Striking faculty at Seneca College marched alongside labour leaders on Thursday afternoon as the work stoppage at Ontario colleges enters its fourth day.
The rally, which was organized by OPSEU Local 560, began at noon, at the corner of Pond Road and Ian MacDonald Blvd. on the campus of York University.
“The message is that we are currently on strike to make some changes that the Ontario college system needs in order to ensure academic quality and fairness,” OPSEU Local 560 President Jonathan Singer told CP24 on Thursday morning. “This is the 50th anniversary of our system. We are trying to make the changes that the system needs to prosper and thrive for the next 50 years.”
A large group of students and faculty could be seen marching on Keele Street on Thursday, blocking all lanes of the roadway for a period of time.
Faculty at Ontario’s 24 colleges walked off the job at 12:01 a.m. on Monday after contract negotiations broke off.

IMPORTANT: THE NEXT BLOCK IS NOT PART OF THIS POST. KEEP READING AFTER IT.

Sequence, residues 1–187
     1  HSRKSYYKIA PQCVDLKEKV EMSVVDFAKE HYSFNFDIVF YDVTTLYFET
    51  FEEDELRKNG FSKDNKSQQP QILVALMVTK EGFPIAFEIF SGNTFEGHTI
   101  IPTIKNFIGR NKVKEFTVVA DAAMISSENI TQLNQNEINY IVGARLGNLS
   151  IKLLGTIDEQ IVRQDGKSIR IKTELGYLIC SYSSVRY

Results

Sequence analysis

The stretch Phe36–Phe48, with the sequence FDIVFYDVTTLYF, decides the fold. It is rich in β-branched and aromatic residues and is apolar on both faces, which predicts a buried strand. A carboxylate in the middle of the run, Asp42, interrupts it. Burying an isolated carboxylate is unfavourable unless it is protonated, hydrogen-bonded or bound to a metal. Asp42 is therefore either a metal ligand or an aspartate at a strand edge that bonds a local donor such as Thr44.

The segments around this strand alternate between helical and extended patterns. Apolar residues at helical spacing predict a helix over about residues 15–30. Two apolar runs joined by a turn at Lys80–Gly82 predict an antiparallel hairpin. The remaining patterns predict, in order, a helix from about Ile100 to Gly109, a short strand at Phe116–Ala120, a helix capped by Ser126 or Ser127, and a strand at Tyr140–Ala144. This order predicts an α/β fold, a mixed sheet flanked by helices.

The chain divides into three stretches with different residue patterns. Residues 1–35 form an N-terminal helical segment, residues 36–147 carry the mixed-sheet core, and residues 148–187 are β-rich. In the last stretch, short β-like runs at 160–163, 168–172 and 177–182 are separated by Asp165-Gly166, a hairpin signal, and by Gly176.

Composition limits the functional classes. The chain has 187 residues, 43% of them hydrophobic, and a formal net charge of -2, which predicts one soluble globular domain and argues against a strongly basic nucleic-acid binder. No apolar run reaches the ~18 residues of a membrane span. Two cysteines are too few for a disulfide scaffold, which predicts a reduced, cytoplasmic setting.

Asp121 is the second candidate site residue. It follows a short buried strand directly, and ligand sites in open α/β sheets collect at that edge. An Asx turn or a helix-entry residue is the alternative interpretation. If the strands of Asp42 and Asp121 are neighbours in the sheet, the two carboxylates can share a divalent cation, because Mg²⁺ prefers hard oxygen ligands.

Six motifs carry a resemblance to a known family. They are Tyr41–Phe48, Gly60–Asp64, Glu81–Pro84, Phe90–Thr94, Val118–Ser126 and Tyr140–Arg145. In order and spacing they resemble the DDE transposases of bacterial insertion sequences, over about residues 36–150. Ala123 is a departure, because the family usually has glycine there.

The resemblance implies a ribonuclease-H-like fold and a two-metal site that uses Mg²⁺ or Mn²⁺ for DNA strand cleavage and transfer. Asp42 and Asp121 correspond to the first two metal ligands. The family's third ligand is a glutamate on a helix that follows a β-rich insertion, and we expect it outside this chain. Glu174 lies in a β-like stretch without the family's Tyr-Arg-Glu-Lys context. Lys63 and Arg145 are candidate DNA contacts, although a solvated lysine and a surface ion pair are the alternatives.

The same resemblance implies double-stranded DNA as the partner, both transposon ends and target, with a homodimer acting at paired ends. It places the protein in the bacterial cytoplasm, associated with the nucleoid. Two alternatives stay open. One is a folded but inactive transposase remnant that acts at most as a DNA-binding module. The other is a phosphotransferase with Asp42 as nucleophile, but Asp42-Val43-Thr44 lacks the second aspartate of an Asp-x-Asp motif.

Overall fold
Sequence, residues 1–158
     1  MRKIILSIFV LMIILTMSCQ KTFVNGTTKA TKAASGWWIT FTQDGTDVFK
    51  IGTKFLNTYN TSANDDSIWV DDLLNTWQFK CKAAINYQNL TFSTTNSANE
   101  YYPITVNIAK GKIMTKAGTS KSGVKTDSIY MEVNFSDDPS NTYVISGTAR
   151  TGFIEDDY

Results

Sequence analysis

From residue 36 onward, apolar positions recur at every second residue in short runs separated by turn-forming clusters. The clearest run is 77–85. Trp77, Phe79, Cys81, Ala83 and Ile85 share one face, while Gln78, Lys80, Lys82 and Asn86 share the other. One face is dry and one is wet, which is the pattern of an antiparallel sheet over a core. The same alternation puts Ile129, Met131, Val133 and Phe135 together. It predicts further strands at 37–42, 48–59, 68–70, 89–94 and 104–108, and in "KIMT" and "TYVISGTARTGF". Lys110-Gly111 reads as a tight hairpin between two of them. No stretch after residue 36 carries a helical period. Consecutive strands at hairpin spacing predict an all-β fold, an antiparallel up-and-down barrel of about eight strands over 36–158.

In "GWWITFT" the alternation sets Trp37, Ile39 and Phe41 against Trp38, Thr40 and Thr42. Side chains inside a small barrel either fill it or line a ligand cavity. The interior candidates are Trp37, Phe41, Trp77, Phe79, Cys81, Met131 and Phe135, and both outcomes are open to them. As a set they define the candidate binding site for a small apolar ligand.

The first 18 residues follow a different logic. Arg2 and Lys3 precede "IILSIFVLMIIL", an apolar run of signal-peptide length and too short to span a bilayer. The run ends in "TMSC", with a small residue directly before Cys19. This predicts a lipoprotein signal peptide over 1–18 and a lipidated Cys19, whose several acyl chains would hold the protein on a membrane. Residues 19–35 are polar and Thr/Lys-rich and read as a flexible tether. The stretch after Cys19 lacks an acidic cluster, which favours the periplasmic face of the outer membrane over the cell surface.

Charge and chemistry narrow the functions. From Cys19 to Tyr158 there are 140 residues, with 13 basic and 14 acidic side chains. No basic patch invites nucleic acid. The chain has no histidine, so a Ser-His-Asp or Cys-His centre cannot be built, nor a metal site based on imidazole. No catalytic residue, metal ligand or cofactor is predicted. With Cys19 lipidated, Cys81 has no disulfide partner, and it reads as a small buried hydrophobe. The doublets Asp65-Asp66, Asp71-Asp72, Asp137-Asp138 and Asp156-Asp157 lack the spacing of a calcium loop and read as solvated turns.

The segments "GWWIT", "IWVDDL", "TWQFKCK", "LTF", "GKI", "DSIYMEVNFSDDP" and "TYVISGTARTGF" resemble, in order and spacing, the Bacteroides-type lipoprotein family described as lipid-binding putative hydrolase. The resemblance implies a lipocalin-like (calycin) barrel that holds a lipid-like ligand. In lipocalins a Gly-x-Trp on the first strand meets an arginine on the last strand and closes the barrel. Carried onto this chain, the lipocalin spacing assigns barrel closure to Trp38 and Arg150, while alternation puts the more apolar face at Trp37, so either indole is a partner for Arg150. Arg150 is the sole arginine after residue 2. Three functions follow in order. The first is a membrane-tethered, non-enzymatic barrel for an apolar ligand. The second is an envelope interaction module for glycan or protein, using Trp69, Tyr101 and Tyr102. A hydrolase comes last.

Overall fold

Negotiations have not resumed since the strike began and it remains unclear when the two sides might return to the table.
In the meantime, classes have been cancelled at all 24 Ontario colleges.
“So far management has refused to even entertain the demands that faculty has placed as primary and frankly essential to the continued quality of the education that we can provide,” Singer told CP24.
The union has said that it wants a 50/50 ratio between full-time faculty and contract faculty, increased job security, and more say in academic decision-making.
The chair of the College Employer Council, meanwhile, has called those demands “unaffordable” and has suggested that they will cost the college system an additional $250 million annually.
On Thursday afternoon, Humber College issued a statement saying they had cancelled their annual Take Your Kids to Work Day activities, slated for Nov. 1. The move indicates the college expects the strike to continue for a considerable period of time.
A second rally on Thursday afternoon targeted the downtown Toronto offices of the provincial Ministry of Advanced Education, demanding they intervene to end the strike.